Founder advice
An aspiring founder's guide to finding your edge, idea and co-founder
What makes a good idea? How do you find the right co-founder? These are all questions Matt Clifford is well-equipped to answer.

“Building a startup is an uphill race on a poorly marked course that in the beginning has very few spectators,” writes Matt Clifford and Alice Bentinck, co-founders of Entrepreneur First, in their book “How to Be a Founder”.

It’s a challenge made a hell of a lot easier if you’re starting with the right ingredients–top talent, resources and networks–most of which are concentrated in Silicon Valley. But what happens if you’re not located in a tech hub?

“The world is missing out on some of its best founders,” says Matt. “We think the desire to be an entrepreneur is culturally driven by peer groups, networks and communities you’re in. When you start to think like that, you realise that many more people could become founders. As a result, we’re missing out on companies that ought to exist.”

After a decade of working with thousands of ambitious individuals, selected purely based on talent, ambition and skill, Entrepreneur First (EF) has developed a methodology, culture and system for helping people find a co-founder and get started on their idea.

As part of our Stacking the Odds interview series, Jackie Vullinghs asked Matt to share his unique perspective on what makes a founder and idea successful. We've distilled some of the frameworks and day-to-day advice that EF gives founders to increase their chances of success and encourage them to get off the sideline and get started.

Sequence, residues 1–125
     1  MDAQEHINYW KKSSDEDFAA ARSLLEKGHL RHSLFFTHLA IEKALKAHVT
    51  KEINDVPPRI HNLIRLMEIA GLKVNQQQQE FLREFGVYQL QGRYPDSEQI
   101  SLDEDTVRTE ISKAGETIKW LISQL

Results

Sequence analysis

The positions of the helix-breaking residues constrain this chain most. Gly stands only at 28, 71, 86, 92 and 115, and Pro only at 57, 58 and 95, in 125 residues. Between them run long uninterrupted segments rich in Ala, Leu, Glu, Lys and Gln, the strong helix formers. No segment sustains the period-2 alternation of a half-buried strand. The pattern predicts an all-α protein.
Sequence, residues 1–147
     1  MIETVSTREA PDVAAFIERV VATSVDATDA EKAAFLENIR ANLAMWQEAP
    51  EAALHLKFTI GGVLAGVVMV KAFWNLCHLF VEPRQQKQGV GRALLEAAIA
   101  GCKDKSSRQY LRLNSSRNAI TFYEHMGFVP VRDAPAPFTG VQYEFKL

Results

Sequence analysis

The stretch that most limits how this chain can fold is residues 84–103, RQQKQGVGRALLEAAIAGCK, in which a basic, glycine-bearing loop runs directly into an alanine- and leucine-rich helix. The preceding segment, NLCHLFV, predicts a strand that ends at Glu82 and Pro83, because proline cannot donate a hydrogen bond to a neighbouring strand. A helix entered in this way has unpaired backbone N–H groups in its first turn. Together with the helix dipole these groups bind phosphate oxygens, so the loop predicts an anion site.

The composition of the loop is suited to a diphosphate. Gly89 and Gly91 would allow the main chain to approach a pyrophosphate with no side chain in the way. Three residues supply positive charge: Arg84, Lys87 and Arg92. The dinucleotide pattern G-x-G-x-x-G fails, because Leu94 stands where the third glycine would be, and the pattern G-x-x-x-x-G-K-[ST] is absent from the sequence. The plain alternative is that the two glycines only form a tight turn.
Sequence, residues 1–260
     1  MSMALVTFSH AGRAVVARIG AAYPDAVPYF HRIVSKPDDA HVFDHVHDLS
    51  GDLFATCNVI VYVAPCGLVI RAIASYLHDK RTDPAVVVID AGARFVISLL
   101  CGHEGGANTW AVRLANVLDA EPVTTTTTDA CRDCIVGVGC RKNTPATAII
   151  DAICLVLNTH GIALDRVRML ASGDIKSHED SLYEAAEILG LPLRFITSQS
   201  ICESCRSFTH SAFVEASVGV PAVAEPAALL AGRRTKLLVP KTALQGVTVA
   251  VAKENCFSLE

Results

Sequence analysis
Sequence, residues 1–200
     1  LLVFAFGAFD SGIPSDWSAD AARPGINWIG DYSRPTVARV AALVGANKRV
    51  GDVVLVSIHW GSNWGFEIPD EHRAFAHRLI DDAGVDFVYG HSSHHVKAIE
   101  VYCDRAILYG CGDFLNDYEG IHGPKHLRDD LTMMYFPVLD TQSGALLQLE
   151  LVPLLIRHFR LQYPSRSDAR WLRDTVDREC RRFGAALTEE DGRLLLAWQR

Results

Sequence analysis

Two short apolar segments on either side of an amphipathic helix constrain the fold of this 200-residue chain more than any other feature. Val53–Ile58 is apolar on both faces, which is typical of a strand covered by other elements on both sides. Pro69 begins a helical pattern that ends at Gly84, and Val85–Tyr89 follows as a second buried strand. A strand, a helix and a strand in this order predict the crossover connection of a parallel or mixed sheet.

Why it’s riskier not to start a startup than to start one

Startup lore is marked by stories of founders putting everything on the line to build the next unicorn company. When the outcome presented is binary–success or failure–it’s instinctual to second-guess whether it’s worth the risk. But Matt believes this is an outdated narrative. “It’s worth playing out what we mean by risk today,” says Matt. “The way we talk about entrepreneurship and risk is like a 19th Century Charles Dickens novel where people that took a risk and couldn’t pay their debts ended up in jail.”

The 20th Century version of this was that if you start a company and it doesn’t work out, you’re a failure and won’t get another job. Luckily, those who believe that are few and far between nowadays. “The great thing about an increasingly visible startup ecosystem is that many people see the value in someone who’s tried and failed at building a startup,” says Matt.